is delighted to be hosting the book launch of , by Researcher-in-Residence
advocates a profound unlearning of colonial/modern categories as a pathway to the discovery of new forms and theories of queerness in the most ancient of sources, namely Babylonian Enuma Elish and Nahua creation myths. In this radically unconventional work, investigates scholarly receptions of mythological figures in Babylonian and Nahua creation myths, exposing the ways they have consistently been gendered as feminine in a manner that is not supported, and in some cases actively discouraged, by the texts themselves. An exercise in decolonial learning-to-learn from non-Western and non-modern cosmologies, ’s work uncovers a rich queer imaginary that has been all-but-lost to modern thought, in the process critically revealing the operations of modern/colonial systems of gender/sexuality and knowledge-formation that have functioned, from the Conquista de America in the sixteenth century to the present, to keep these systems in obscurity.
At the heart of’s argument is an account of the way the unfounded feminization of figures such as the Babylonian (co)creatrix Tiamat, and the Nahua creator-figures Tlaltecuhtli and Coatlicue, is complicit with their monstrification. This complicity tells us less about the mythologies themselves than about the dualistic system of gender and sexuality within which they have been studied, underpinned by a consistent tendency in modern/colonial thought to insist on unbridgeable categorical differences.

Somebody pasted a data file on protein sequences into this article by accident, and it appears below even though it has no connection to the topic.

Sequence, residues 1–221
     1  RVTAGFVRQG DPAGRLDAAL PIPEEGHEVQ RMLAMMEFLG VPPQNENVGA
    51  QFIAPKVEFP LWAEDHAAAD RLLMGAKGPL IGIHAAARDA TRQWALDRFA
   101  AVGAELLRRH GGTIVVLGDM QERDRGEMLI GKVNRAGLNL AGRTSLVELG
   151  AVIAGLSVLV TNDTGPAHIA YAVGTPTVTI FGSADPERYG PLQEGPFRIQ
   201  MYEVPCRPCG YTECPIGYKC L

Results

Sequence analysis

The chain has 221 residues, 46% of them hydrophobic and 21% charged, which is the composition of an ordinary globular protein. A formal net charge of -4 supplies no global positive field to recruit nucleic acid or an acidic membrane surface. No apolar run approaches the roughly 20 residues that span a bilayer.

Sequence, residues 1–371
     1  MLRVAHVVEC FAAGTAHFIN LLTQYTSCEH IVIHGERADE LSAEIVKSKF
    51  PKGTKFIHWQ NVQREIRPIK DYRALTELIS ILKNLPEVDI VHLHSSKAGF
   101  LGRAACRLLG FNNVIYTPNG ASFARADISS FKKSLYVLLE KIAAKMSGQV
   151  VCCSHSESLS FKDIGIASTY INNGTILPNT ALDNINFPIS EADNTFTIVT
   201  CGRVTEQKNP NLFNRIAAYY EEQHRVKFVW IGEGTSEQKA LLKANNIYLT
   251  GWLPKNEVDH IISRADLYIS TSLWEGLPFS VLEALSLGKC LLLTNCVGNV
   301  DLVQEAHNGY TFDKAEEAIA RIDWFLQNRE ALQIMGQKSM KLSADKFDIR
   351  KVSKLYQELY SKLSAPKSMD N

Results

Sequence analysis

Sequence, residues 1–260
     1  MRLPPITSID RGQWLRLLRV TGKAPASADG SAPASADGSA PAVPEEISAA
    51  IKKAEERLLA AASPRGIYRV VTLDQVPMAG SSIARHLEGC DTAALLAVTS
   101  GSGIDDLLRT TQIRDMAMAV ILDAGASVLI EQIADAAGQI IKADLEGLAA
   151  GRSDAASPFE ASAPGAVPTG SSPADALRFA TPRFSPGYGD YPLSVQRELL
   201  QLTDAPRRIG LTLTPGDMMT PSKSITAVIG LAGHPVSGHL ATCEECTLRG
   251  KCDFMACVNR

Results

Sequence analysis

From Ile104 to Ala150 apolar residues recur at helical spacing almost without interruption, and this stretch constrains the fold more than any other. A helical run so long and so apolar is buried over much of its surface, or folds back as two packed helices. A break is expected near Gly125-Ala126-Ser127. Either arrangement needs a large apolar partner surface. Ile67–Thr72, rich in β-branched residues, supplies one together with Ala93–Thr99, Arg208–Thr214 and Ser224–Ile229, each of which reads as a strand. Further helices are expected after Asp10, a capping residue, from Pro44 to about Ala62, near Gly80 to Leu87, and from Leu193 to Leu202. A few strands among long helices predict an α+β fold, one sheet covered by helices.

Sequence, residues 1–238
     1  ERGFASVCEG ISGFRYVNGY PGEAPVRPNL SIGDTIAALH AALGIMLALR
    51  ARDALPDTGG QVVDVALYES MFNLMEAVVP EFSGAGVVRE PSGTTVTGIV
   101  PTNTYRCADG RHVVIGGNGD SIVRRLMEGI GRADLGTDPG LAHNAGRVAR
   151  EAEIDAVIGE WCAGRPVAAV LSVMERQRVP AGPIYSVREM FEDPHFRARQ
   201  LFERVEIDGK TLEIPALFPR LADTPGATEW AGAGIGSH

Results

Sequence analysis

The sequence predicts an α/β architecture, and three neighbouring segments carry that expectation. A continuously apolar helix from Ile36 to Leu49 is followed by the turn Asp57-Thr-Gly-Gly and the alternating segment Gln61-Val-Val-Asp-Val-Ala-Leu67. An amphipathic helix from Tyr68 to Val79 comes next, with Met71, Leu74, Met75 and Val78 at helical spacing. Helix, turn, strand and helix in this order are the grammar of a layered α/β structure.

By contextualizing these deities in their respective mythological, linguistic, and cultural environments, through a unique combination of methodologies and critical traditions in, and , departs from the over-reliance of much contemporary queer theory on European (post)modern thought. Much more than a queering of the non-Western and non-modern, thus constitutes a decolonial and transdisciplinary engagement with ancient cosmologies and ways of thought which are in the process themselves revealed as theoretical sources of and for the queer imagination.
ABOUT THE AUTHOR
is a researcher at Potsdam University, Germany with the DFG Research Training Group “Minor Cosmopolitanisms.” He has a cotutelle Ph.D. in Comparative Literature (summa cum laude) from Eberhard Karls Universität Tübingen and Université de Perpignan Via Domitia. From 2014–2016, he was a research fellow at ICI-Berlin, Institute for Cultural Inquiry.
His research intersects feminisms and queer theories, literary and visual studies, philosophical and religious inquiries in their decolonial variants in, and . His publications have appeared in scholarly, artistic and journalistic milieu on topics such as camp, feminist theology, the darkroom, (de)coloniality, translation, Nahuatl, photography, , masculinity, and the toilet. He curated the “minor cosmopolitan weekend” at the HKW Haus der Kulturen der Welt in Berlin (December 2018). Recently he has co-edited the special issue “Hyperimage” for (vol.32, 2018); and a special issue at , (vol.25 no.2, 2019). He is working on two projects, respectively dealing with the concepts of “transdualism” and “counterfeit” which will result in two monographs and an exhibition. He frequently speaks at different artistic and academic venues.